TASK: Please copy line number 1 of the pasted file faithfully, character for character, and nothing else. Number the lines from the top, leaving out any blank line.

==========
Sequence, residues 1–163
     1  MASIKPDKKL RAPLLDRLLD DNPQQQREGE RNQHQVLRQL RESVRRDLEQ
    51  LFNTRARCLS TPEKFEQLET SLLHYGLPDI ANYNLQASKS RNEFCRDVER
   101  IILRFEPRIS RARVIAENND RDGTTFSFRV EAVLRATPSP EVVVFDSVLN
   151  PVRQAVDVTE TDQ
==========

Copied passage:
Sequence, residues 1–163